Down Under, the RBA bought
Four billion in bonds as they fought
Their bond vigilantes
Who came back from Dante’s
Ninth circle with havoc they wrought
Investors responded by buying
More bonds and more stocks fortifying
The view central banks
All still deserve thanks
For making sure markets keep flying
Atop the reading list of every G10 central banker is the book written by Mario Draghi in 2012 and titled, How to Keep Interest Rates Lower for Longer*, and every one of those bankers is glued to page one. At this point, there is no indication that higher interest rates will be tolerated for any length of time, and while jawboning is always the preferred method of moving markets in the desired direction, sometimes these bankers realize they must act. And act they did, well at least Phillip Lowe, the RBA Governor, did. Last night, the RBA bought $4 billion in 3-year ACGB’s, doubling the normal and expected amount of purchases as he fought back against the idea that the RBA would not be able to maintain control of the yield curve as they have announced. The response must have been quite gratifying as not only did 3-year yields nose back below 0.10%, the target, but 10-year yields tumbled 0.25% as investors regained their confidence and took advantage of the sudden increase in yields available to increase their holdings.
So, last week’s price action is now deemed to have been nothing more than a hiccup, or a bad dream, with market activity today seen as the reality. At least that is the story all the world’s central banks keep telling themselves, and arguably will continue to do for as long as possible. It seems that the fact the RBA was willing to be so aggressive was seen by investors as a harbinger of what other central banks are willing and capable of enacting with the result being a massive asset rally worldwide. Think about that for a moment, the purchase of an extra $1.5 billion of ACGBs has resulted in asset price increases on the order of $1 trillion worldwide. That, my friends, is bang for your buck!
Of course, the question that remains is, will investors continue to accept this worldview, or will data, and ever-increasing debt supply, return us to last week’s market volatility and force a much bigger response by much bigger players? My money is on the latter, as there is no sign that deficit spending is being reined in, and the signs of higher inflation remain clear, even in Europe!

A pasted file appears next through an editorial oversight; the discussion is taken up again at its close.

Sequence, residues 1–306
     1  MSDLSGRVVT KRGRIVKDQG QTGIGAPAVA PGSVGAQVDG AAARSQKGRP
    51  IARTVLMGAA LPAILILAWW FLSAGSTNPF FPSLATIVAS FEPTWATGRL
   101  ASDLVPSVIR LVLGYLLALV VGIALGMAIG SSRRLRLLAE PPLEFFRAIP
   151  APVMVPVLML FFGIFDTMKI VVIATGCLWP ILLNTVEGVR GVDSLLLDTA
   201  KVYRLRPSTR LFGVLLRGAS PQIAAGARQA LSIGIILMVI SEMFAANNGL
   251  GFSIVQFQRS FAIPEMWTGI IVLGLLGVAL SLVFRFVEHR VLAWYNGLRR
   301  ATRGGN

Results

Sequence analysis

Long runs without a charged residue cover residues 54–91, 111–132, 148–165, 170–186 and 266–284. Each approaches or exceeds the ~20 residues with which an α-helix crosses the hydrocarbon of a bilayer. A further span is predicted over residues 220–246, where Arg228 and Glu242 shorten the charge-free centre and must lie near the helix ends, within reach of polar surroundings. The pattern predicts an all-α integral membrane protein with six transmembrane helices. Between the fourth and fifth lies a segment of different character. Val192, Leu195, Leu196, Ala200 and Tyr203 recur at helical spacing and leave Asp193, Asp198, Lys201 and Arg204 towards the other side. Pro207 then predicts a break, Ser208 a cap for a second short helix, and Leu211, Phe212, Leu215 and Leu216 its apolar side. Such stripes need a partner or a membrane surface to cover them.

But clearly, today is not one for calling out central bankers. While ongoing conversations in Tokyo highlight the question of whether the BOJ needs to intervene ahead of their mid-month meeting when they are to present their Policy Review, and ECB members continue to warn about unwarranted tightening of financial conditions, thus far, we have not seen any increase in activity by either central bank. However, at 9:45 this morning we will see the latest data from the ECB regarding their purchases during the last week in the PEPP, and it will be instructive to see if those purchases increased, or if they simply maintained their regular pace of activity. An increase could be taken positively, shoring up investor belief that the ECB has their back, but given how poorly the European government bond market performed last week, it could also be seen as a sign that the ECB is losing its sway in markets.
The one truism is that market volatility, despite central banks’ fervent desire for it to decrease, remains on a higher trajectory as the possible economic outcomes for the world as a whole, as well as for individual countries, diverge. And this is, perhaps, the hardest thing for investors to accept and understand; after a forty year period of declining inflation and volatility, if the cycle is turning back higher for both of these characteristics, which have a high correlation, then the future will be more difficult to navigate than the recent past.